Ushering In A New Era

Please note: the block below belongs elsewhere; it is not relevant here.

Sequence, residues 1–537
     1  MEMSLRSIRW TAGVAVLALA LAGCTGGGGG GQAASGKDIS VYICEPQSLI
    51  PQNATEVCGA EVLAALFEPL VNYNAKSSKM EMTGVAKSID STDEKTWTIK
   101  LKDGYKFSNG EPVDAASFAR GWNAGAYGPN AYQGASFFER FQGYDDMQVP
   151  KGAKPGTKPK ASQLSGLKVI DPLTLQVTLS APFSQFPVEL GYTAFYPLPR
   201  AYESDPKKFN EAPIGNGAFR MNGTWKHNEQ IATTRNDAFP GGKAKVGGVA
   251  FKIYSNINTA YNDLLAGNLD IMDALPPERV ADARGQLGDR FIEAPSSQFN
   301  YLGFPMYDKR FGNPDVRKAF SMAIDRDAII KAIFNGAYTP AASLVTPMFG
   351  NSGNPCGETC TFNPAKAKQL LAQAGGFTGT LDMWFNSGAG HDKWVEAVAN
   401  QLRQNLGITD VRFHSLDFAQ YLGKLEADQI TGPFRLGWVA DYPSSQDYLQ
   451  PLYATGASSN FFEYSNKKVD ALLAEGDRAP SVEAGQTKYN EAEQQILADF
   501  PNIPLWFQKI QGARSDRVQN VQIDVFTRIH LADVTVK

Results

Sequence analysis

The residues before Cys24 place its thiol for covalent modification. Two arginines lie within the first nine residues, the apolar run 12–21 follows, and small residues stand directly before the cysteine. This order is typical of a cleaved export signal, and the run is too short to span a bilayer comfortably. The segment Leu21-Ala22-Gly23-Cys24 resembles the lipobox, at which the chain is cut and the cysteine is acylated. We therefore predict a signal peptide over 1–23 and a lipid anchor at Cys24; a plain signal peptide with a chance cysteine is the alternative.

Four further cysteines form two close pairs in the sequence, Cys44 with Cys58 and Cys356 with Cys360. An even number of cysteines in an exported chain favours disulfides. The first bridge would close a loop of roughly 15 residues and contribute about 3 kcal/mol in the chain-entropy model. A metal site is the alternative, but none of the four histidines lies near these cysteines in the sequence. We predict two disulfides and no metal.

Saturday, March 1, 2014 E1 U S H E R I N G I N A N E W E R A The new Chief Minister believes people have two ears and one mouth - so that we can listen twice as much as we speak. Adenan is ready to listen By Lian Cheng I t is a hot afternoon. The Borneo Post team, including Senior Executive Editor Francis Chan and Head of Special Desk Peter Sibon, talk to new Chief Minister Tan Sri Datuk Amar Adenan Satem at his residence in Santubong. Outside, against a blue sky and lush greenery, the birds are still chirping although it is late in the afternoon. Inside his sitting room, the journalists find themselves among shelves and shelves of books on a wide range of topics, ranging from those on astronomy to Sufism. Although the interview is in his own house, Adenan, clad in Burberry checked shirt and a pair of brown pants, is just as in control, enigmatic, witty and spot-on when fielding questions. There are long pauses when he takes time to listen with the intent to understand. There are times when he listens with the intent to reply. There are also long silences before he fields more questions with the journalists trying to comprehend his thought-provoking, direct, short and concise replies. He does not show impatience – not interrupting and jumping to conclusions. Neither is he defensive about questions posed, but is ready to share his knowledge. Whether at close range or from a distance, the fifth Chief Minister of Sarawak exudes the temperament of a hermit more than a politician. He likes fishing because in all the listening and silence, he can learn to be patient and he can meditate. He enjoys nature and likes wild and lonely places in particular; he likes light blue because the colour is that of water and sky, and he likes to read because books do not talk back. All his likings point to an introvert who happens to end up a politician just like Winston Churchill and Barrack Obama. In this age when we are bombarded with all kinds of noise, perhaps it is timely for Sarawak to have a Chief Minister who listens – a Chief Minister who listens with his eyes, a Chief Minister who listens with his heart, a Chief Minister who listens to people around him -- and one who is silent to listen. Adenan, a man of few words, is ready to embark on a new journey as the Chief Minister of Sarawak at the age of 70. ON POLITICS Q: Did you know you were the chosen one (to be the new Chief Minister) before the announcement by Pehin Sri Abdul Taib Mahmud? A: No, I was informed in the last minute. Q: What came to your mind when you first knew about it? A: Let me come up with an opening statement first. I am very grateful for the expressions of support from many people from all walks of life across the communities who wish me well in my new job. Of course, there are some negative comments, but then I don’t expect the opposition to be complimentary. For those who have confidence in me, I shall try to justify their confidence the best way I can. As I have said earlier, I will try to be a Chief Minister to all – the Malays, Chinese, Ibans, Bidayuhs, Orang Ulu. And even the opposition, I hope they will accept me as their Chief Minister too. I am going to be the Chief Minister for Sarawak. There is no such thing as a Chief Minister for the Malays or for the Barisan Nasional. A Chief Minister must be for all. Q: So what came to your mind when you first knew about it? A: The first thing that came to my mind was – this is going to be a big responsibility. This is going to be a big responsibility which requires my full attention and devotion to duty. Q: Former Chief Minister Pehin Sri Abdul Taib Mahmud said he would not interfere with the state’s political affairs unless his advice was sought. Would you like to comment on his statement? A: That is the correct constitutional position of a Head of State because he is above politics. Q: There were a few developments following your first press conference at Yayasan Sarawak (after the announcement by Pehin Sri). Some had taken the cue, especially Sarawak Progressive Democratic Party (SPDP) president Tan Sri William Mawan. What is your comment? A: This is a very good sign – a very encouraging sign. In politics, you have to give and take. You cannot have it your way all the time. Sometimes, you have to compromise for the sake of unity. This is a very good sign. I shall be calling the parties involved and listen to what they have to say. Q: Are you going to take the same step with Sarawak United Peoples’ Party (SUPP)? A: I will try. Q: What are the formulae you have for this? A: I can’t be specific about the formulae. I would have to hear from them first. You see in politics, you learn not only to talk but how to listen. We have two ears and one mouth. We have to listen before we say anything. If we talk, we are repeating what we already know. And if we listen, we might learn what we don’t know. We might learn something new. Q: What about speculations on the appointment of Datuk Amar Abang Johari as the other Deputy Chief Minister? A: For the time being, everything goes on as before. I will consider that at the appropriate time. That speculation is not illogical. Q: Have you talked with Abang Johari and Datuk Amar Awang Tengah (Ali Hasan)? A: I am looking forward to working with them. They have said they would work with me. To us, in PBB, the party is more important than personalities. Q: With the Bumiputera Supreme Council members outnumbering the Pesaka wing in PBB, is there a possibility of a Dayak becoming Chief Minister of Sarawak? A: In politics, everything is possible. Taib’s choice is of someone who is quite capable. But I am not saying I am more capable than the rest. I want to make this clear. For instance, Taib is a Melanau. He is from a minority race but nobody has any qualms or raised anything. What is important for a Sarawak leader is to ensure the races are working together within the context of the parties in BN and whatever race one belongs to, the voice will be heard. Q: You have been working with the former Chief Minister for the past 33 years. How would you describe him? A: I think I have been working with him since 1972. There is only one Taib Mahmud. He is one of a kind – his imagination, originality, intelligence. I mean words are not enough to describe him. I think he is one in a million. There is only one Taib. You know the song Lagenda? There are one thousand stars in the sky but there is only one that shines – and that is Taib Mahmud. Q: What would you like to achieve as the Chief Minister of Sarawak? A: I have already said it. I will continue what my predecessor has started. When you are on a good thing, you stick to it. You don’t just change horses midstream - you don’t simply change because people will ask: change for what? So I will continue with my present team. I do have ideas of my own but I will put them on the back burner first until I see the total picture. I have gone through a series of briefings given by government departments, ministries and Adenan and wife, Puan Seri Dato Jamilah Anu statutory bodies to keep tabs on what is going on. I can make policies only after I have the assessment and have known all the facts. Q: What do you think will be your biggest challenge as Chief Minister of Sarawak? A: I don’t envy the person who succeeds Taib Mahmud because his shoes are much too big for me to fill. The biggest challenge is unity within Barisan Nasional (BN). I will need to strengthen the component parties to overcome certain issues raised with regards to the approach to development. I don’t think I can measure up to my predecessor but I will try. Q: What is your stance on Umno entering into Sarawak – which we believe is the biggest fear of most Sarawakians? A: I am relieved to hear some Umno leaders say they will not come to Sarawak. Alhough there might be a necessity in Sabah, there is no necessity to come here. Q: It’s an enormous task to fulfil Pehin Sri’s vision, especially the economic thrust of Sarawak Corridor of Renewable Energy (SCORE). So are you going to get people like Datuk Seri Dr Effendi Norwawi to help in the state’s economic development? A: Effendi can be an unofficial advisor. He said he has retired and is not interested in politics anymore. But that does not mean I can’t use his expertise in economics and finance. I will invite him to come over to advise me on certain economic and financial matters. Continued on Page E2 E2 U S H E R I N G I N A N E W E R A Saturday, March 1, 2014 ON POLITICS Continued from Page E1 ON A LIGHTER NOTE Q: What do you like to do during your free time? What are your hobbies? A: I have been fishing since my youth. I used to fish in the drain, the river and at sea. I remember I first started with a small plywood boat with an 18 horsepower outboard engine. Q: Where do you fish? A: I fish most often especially at Pulau Lakei. I went there so often that my friends named the place Pulau Denan. So unofficially, it is Pulau Denan. Even until now, whenever I get the chance, I still go to Pulau Denan. I have a small boat of my own. I went with all my usual fishing friends. I like wild and lonely places. When fishing, you can exercise patience while sitting and waiting. And you learn to think because it’s quiet. I always appreciate Nature. You see, my house is surrounded by squirrels, monkeys, what more to say birds, especially in the morning. Every morning, I wake up, I hear birds instead of cars. I used to play golf but less often now, because I am getting quite old. But my main hobby is still fishing. And of course, reading. I don’t know how many books I have read. You just look around you. Q: I took a glance and notice that there is an amazing range of subjects you are reading, from Prisoner of Zenda to Sufism. Who is your favourite author? A: I have always loved books – since I was in school. My favourite author is James A Michener for fiction. But I normally read non-fiction books such as biographies, history, astronomy and all that. Q: What is your favourite colour? A: Light blue. Q: Is it because it is the colour of water? A: Yes. Q: One of the challenges facing state leaders is losing Chinese voters. What will be your take to regain the support of the Chinese? A: I wish I can appoint a Chinese Deputy Chief Minister – like before. But there are only two Chinese state assemblymen from SUPP. So unfortunately, I can’t do that. If the Chinese choose not to be in government, that is their choice. I wish though that they can rethink the matter of whether they want to be part of the government or not. If they choose not to be, there is nothing I can do about it except to explain to them in the long run that it is better for us to govern this country together rather than separately. Q: What do you think will be the implications for the Chinese to continue to be left out of government? A: If possible, I don’t want the state to be ruled by Bumiputera with the Chinese in the opposition. We might end up like that – the government is made up by all the Bumiputera and the Chinese are all in opposition. I don’t think it is healthy situation and this is the situation I wish I can avoid. Q: Do you think what the Chinese have been asking is fair? A: I want to sit together with them and see what they have to say and see their problems in the new light. They are, in particular, very concerned about the schools and this is something close to their hearts. I have to listen to what they have to say before I can make any decision. Q: The Chinese community always appeal for annual grants for Chinese independent schools. Will you consider giving grants like Sabah, Melaka, and Johor? A: We can consider something equivalent. Maybe we can do it in a different way where the result is the same. That is why I want to hear from the Chinese community. But let me listen to them first. Q: I understand our government schools are funded by the Education Ministry. However, it seems whatever is allocated is not enough for repairs and rebuilding of our rural schools. Will the state allocate extra for our rural schools? A: Education is a federal duty. The Deputy Prime Minister has said they would allocate RM1 billion to improve 600 to 800 rural schools in need of repairs. I want to make it clear – it was the state BN who drew the attention of the federal government to this matter, not DAP or other opposition. The federal government has given us a very favourable response because the request came from another BN government. Whether it is adequate or not is another matter. If need be, we will request for more from the federal government. But if we had been an opposition government in Sarawak, I doubt if the federal government will give the extra funding. Q: What do you think of technical education, one of the concerns of former chief minister? A: I must say in years past, we had neglected the area of technical education. It is not too late to catch up. I am the chairman of the Yayasan Sarawak, which has some say in this regard. About 10 years ago, started sending students for technical education on three-month or six-month courses and supporting those having diploma to go for degree courses. We will intensify skilled education because we need manpower if we want to industrialise. We need the technicians, electricians – and we need our students to go for all these technical pursuits. Technical education will continue to be our emphasis. Q: You are sitting right in the heart of the Tourism Belt of Sarawak as the state assemblyman of Tanjung Datu. Do you have plans to continue developing it? A: Of course, tourism is an industry which can earn us a lot of foreign exchange. It can generate economic activities through the so called “multiplier effect.” All countries are promoting it, so why shouldn’t we? I am glad to know the number of tourists visiting Sarawak has been increasing over the years. Now, we are talking about accessibility with more flights into Kuching, Sibu and Miri. We are talking about open sky policy. (Datuk Amar) Abang Johari has done a tremendous job in this area. Q: The opposition is predicting a snap poll in September. Is that possible? A: They can continue with their imagination. I never suspect they would predict that. I was quite surprised when I read it in the newspapers. But they can continue with their wild imagination. Q: So who will be the next Balingian candidate? A: I cannot tell you now. Q: What is your vision as Chief Minister? A: To be a good one. Q: How do you define “good”? A: One who can bring development and unity to the state. I have heard rumours to the effect that I am fair-minded person; I will try to be true to this rumour. Q: You are entering a huge and challenging career at an age when most people are retiring. Can you see yourself retiring? A: In fact, I wanted to retire about this time last year. I was very sick. At the worst of times, I said to myself what is the point of carry on. I am useless to people when I am sick. I had better retire. That was what I thought before. By God’s grace and the care the doctors and my family gave me, I have recovered. But I am okay. I am not as young as I used to be. But at 70, I will try to be a 60. Adenan and wife are a loving couple. Q: Do you go into fashion? A: No. I am sorry I am not fashion-conscious. My wife (Puan Seri Dato Jamilah Anu) maybe, but not me. Q: How about food? What kind of food do you prefer? A: I like Japanese food, generally speaking, I like non-oily food. Once in a while, I like to have fish head curry and masak lemak. My wife is a very good cook but that is not the only reason I marry her. Q: Your car plate is 77. Does it mean you are going to totally retire at the age of 77? A: Que sera, sera. Q: Rumours say you will retire at 77; you will go through the next two years, then another term of five years and then call it quits totally to enjoy life. Is that your plan? A: Everything is in God’s hand. You can plan but it’s God who wills it. If God says you continue, no matter how much you don’t want to continue, you will continue. If God says you don’t continue, no matter how much you want to continue, you can’t. Q: Is there anything special about 77? A: The number seven is quite significant. There are some myths about the number seven for most people. Q: Why did you choose 7? A: It was my wife who chose for me. Not me. Q: What is your favourite number then? A: I don’t have any favourite number. Apart from ﬁshing, Adenan enjoys reading. He reads all subjects, all titles but has a special fascination for astronomy. U S H E R I N G I N A N E W E R A Saturday, March 1, 2014 E43 BACKGROUND Tan Sri Datuk Amar Adenan Satem DA, PSM, PNBS, JBS, PPB, PPD Education: LLB University of Adelaide Date of Birth: 27 January 1944 Place of Birth: Kuching Marital status: Married to Puan Sri Dato Hajah Jamilah bt Haji Anu, PSBS (2003), PPD (2003), PBS (1996) Career Prosecutor, Crown Law Office, Adelaide (1969-1970) Magistrate (1971-1972) Assistant Secretary, Ministry of Primary Industries Malaysia (1972-1974) Private legal practitioner (1975-1985) Member of State Legislative Assembly (1978-present) Assistant Minister for Land Development Sarawak (12 July 1985 – 12 March 1987) Minister for Land Development Sarawak (12 March 1987 – September 1992) Minister for Social Development Sarawak (Sept 1992 – Jan 1998) Minister for Agriculture & Food Industries Sarawak (2 January 1998- 29 March 2004) Minister for Natural Resources & Environmental Malaysia (31 March 2004 – 14 February 2006) Special Advisor in the Chief Minister’s office 2 April 2010 Minister in the Chief Minister’s Office and Minister for Special Functions Sept 2010-present Awards Johan Bintang Sarawak (JBS) – 7 July 1986 on TYT’s Birthday Pingat Peringatan Bakti (Silver)(PPB) – 31 August 1988 in conjunction with the 25th anniversary of Sarawak’s Independence within Malaysia Panglima Negara Bintang Sarawak (PNBS) – 16 September 1990 which carries the title ‘Dato Sri’ Pingat Peringatan Delima (Gold) (PPD) – 22 July 2003 in conjunction with the 40th anniversary of Sarawak’s Independence within Malaysia Anugerah Kedoktoran from University Technology of Swinburne – 4 July 2006 Darjah Utama Yang Amat Mulia Bintang Kenyalang Sarawak which carries the title ‘Datuk Amar Bintang Kenyalang’ (DA) – 24 October 2009 in conjunction with the TYT’s 88th birthday celebration Panglima Setia Mahkota (PSM) which carries the title ‘Tan Sri’ – 5 June 2010 in conjunction with DYMM Sri Paduka Baginda Yang di-Pertuan Agong’s birthday celebration Other experiences: Deputy Chairman Sarawak Land Development Board (SLBD) 1985-1987 Deputy Chairman Land Custody & Development Authority (LCDA) 1985-1987 Deputy Chairman Sarawak Land Consolidation & Rehabilitation Authority (SALCRA) 1985-1987 Chairman Sarawak Land Development Board (SLDB) 1987-1992 Chairman Land Custody & Development Authority (LCDA) 1987-1992 Chairman Sarawak Land Consolidation & Rehabilitation Authority (SALCRA) 1987-1992 Board of Trustee for Sarawak Heart Foundation (SHF) 1997-2004 Chairman Sarawak Foundation 1998-present Chairman Sarawak Scouts 2004-2006 Chairman of Board of Trustee for Sarawak Malay Culture Foundation (AKYBMS) 1995-present Chairman Swinburne University of Technology Sarawak Campus Council 12 October 2004-present Protem of Curtin University of Technology Sarawak Campus Miri 1999-2000 Council Member of Curtin University of Technology Sarawak Campus Miri 2000-2012 Chairman Sarawak Stadium Board 1992-1998 Chairman Sarawak Sports Council 1992-1998 Board of Directors for Sarawak Higher Education Foundation (SHEF) 1992-present Board of Directors for Malaysia Australia Foundation (MAF) Board of Directors for Kumpulan Wang Kawasan Konsesi Hutan (pemulihan & Pembangunan) Chairman of Malaysia Crime Prevention Foundation (MCPF) 1992-2004 and April 2012-present Chairman of Natural Resources & Environment Board (NREB) April 16, 2012-present Chairman of Lembaga Pengurusan Mineral Negeri Starting September 2010 E44 Saturday, March 1, 2014 U S H E R I N G I N A N E W E R A Adenan’s heart with people, state By Philip Kiew H E REGARDS Sarawak as heaven on earth, cultural diversity and harmony. As a former Minister of Agriculture and Food Industries Sarawak, he knows every nook and corner of the state, having intimate knowledge of their needs and peculiarities. His continuous call for unity resonates throughout the state in multi-racial and religious settings, while his efficiency in the public service makes him stand out in the state’s political and social landscape. Everyone has a different idea of who or what he is, but everyone agrees that he has a sharp analytical mind, is a brainy and decisive leader and an experienced hand in affairs of the state and it’s state of affairs. After 35 years as elected representative and 28 years holding state and federal cabinet posts, Tan Sri Datuk Amar Adenan Satem is now ready to write the next chapter in leading Sarawak with effect from his swearing-in yesterday. He is as public a figure as it gets in Sarawak, but has strangely remained an enigma to many who do not know him up close. To those close to him, he is also known as a hotshot in game hunting in his younger days, a fishing enthusiast, an avid reader and a sci-fi movie buff. To his immediate circle, he is a wonderful person; generous, compassionate, insightful and humorous. To the political circle, he is a no-nonsense, incisive leader with the knack of reading one’s mind. Adenan (second left) is at home in rural Sarawak in this picture taken in 2003. His eyes may be closed when the speeches are getting underway, but his brain is anything but idle. His collected thoughts, wits and message collate into rib-tickling but flourishing speeches without fail at many functions he officiates. His predecessor Pehin Sri Abdul Taib Mahmud on one occasion managed to lace an explanation and advice with humour in addressing complaints of aloofness against the former. Saying Adenan had a heart of gold, Taib said this thinking minister was always so engrossed in his thoughts that he could literally walk into glass walls. The minister was officiating a function in Miri when it was reported in the press, and with a laugh, he later told this author that a reply was in order. His tongue-in-cheek riposte was: “I thank the Chief Minister for his kind words, and will try to remember not to walk into glass walls,” which was reported in the The Borneo Post and Utusan Borneo. A decade ago in Buduk Nur in Ba Kelalan, he publicly declared having a soft spot for the Orang Ulu communities in the interior of Sarawak. “I will always find an excuse to visit Orang Ulus ster Deputy Prime Mini en of appreciation to ndu as Deputy Chief tok a g tin en es pr ft) year in Lu Adenan (le ssin on Feb 14, this looks on. Tan Sri Muhyiddin Ya Patinggi Tan Sri Alfred Jabu (centre) tuk Da r ste Mini since the days of Datuk Balan Seling and Datuk Racha Umong because I like them- simple as that,” he said, agreeing with the remark of his close friend and then Ba Kelalan state assemblyman, the late Datuk Dr Judson Sakai, that the minorities in Sarawak have a friend in Adenan. Adenan is also a stickler for education and remaining true to one’s roots. SUPP publicity and inf ormation secretary Da Years back, he told tuk Sebastian Ting (le to then CM-designate ft) extending his cong Adenan. parents at a seminar ratulations in Lawas: “My mother was responsible for my becoming a minister, and she has always paid attention despite being The smooth transition and unity in PBB despite illiterate, making sure that I ate, clothed and went the three horse-race for the Chief Minister post to school.” involving him, deputy president Datuk Amar She also made it a point to monitor his conduct Abang Johari Tun Openg and senior viceand progress from primary school to university president Datuk Amar Awang Tengah Ali Hasan level, but letting him enjoy the freedom to play speaks of the inherent leadership policy of the after school. party he will inherit. On the political scene, he worked best “Our stand is to bring as many people with the behind the scenes with results which speak for same wavelength under one umbrella and that is themselves. He was instrumental in bringing back the reason why PBB is the most successful party Parti Bansa Dayak Sarawak (PBDS) back into the in the state while SNAP split to PBDS, PRS and BN fold after the Ming Court Affair in 1987, paving whatever remains,“ he said in 2005. the way for political stability which has lasted to Adenan’s experience in the last 35 years this day. as elected representative and 28 years with Under his watch as Chief Minister in this ministerial portfolios has drummed home clearly challenging transition period, Sarawak can look the reality of minorities working together with the forward to responsible, matured and experienced majority to keep up with the mainstream.. leadership from Adenan and his team. “You have to go with the flow or risk being left His conviction and approach is reflected in high and dry like debris on the river bank,“ he a speech he gave in 2005 at the opening of said. the Triennial General Meeting of PBB Marudi, Speaking at a Rurum Kelabit function in Miri Senadin, Piasau and Lambir divisions. in 2005, Adenan said he made it a point that “The greater the power, the greater is the minorities tend to be marginalised, and he is responsibility to uphold political stability and with inclined to use whatever high positions held to power comes big responsibilities which you must reach out to them- irrespective of whether they carry as the biggest successful political party, “ he were Kelabits, Kayans, Lun Bawangs or even the said. small Indian community. A united front by PBB as the backbone of the His Kelabit name is ‘Maran Ribet’ meaning state BN is expected by the Chief Minister cum ‘Handsome Nobleman’. He was bestowed the party president in his call at the party’s supreme name over a decade ago, and the community is council meeting that all the senior leaders from likely to invite him for another name-changing president to vice-presidents should be returned ceremony to reflect his current status. uncontested for the sake of unity. Admitting his love for the highland countryside, “This is to avoid any split and unhappiness with its tranquility of nature in remote places, which is bound to happen no matter what he said the peace and quiet is a refreshing Hollywood (play-acting) and handshakes experience for the weary mind, away from the displayed before any contest,” said Adenan back hustle-bustle of the cities, the rat races and the then. madding crowd.